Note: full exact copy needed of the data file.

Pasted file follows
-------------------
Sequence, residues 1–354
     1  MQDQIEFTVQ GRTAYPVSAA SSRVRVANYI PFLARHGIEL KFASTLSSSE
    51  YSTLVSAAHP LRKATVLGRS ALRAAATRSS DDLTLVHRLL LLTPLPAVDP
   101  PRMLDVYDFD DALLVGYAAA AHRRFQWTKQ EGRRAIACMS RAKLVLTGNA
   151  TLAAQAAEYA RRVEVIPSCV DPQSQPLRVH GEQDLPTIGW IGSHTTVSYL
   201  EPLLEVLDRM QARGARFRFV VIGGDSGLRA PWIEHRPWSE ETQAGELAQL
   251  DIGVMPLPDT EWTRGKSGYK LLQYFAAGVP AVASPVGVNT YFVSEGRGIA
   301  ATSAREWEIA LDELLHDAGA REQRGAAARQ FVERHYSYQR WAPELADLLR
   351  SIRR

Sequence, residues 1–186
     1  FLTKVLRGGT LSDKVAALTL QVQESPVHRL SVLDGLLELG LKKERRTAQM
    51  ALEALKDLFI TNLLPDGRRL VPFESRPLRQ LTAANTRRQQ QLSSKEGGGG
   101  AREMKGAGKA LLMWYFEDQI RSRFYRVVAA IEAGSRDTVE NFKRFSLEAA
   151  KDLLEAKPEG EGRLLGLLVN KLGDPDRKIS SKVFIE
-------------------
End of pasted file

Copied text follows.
Sequence, residues 1–354
     1  MQDQIEFTVQ GRTAYPVSAA SSRVRVANYI PFLARHGIEL KFASTLSSSE
    51  YSTLVSAAHP LRKATVLGRS ALRAAATRSS DDLTLVHRLL LLTPLPAVDP
   101  PRMLDVYDFD DALLVGYAAA AHRRFQWTKQ EGRRAIACMS RAKLVLTGNA
   151  TLAAQAAEYA RRVEVIPSCV DPQSQPLRVH GEQDLPTIGW IGSHTTVSYL
   201  EPLLEVLDRM QARGARFRFV VIGGDSGLRA PWIEHRPWSE ETQAGELAQL
   251  DIGVMPLPDT EWTRGKSGYK LLQYFAAGVP AVASPVGVNT YFVSEGRGIA
   301  ATSAREWEIA LDELLHDAGA REQRGAAARQ FVERHYSYQR WAPELADLLR
   351  SIRR

Sequence, residues 1–186
     1  FLTKVLRGGT LSDKVAALTL QVQESPVHRL SVLDGLLELG LKKERRTAQM
    51  ALEALKDLFI TNLLPDGRRL VPFESRPLRQ LTAANTRRQQ QLSSKEGGGG
   101  AREMKGAGKA LLMWYFEDQI RSRFYRVVAA IEAGSRDTVE NFKRFSLEAA
   151  KDLLEAKPEG EGRLLGLLVN KLGDPDRKIS SKVFIE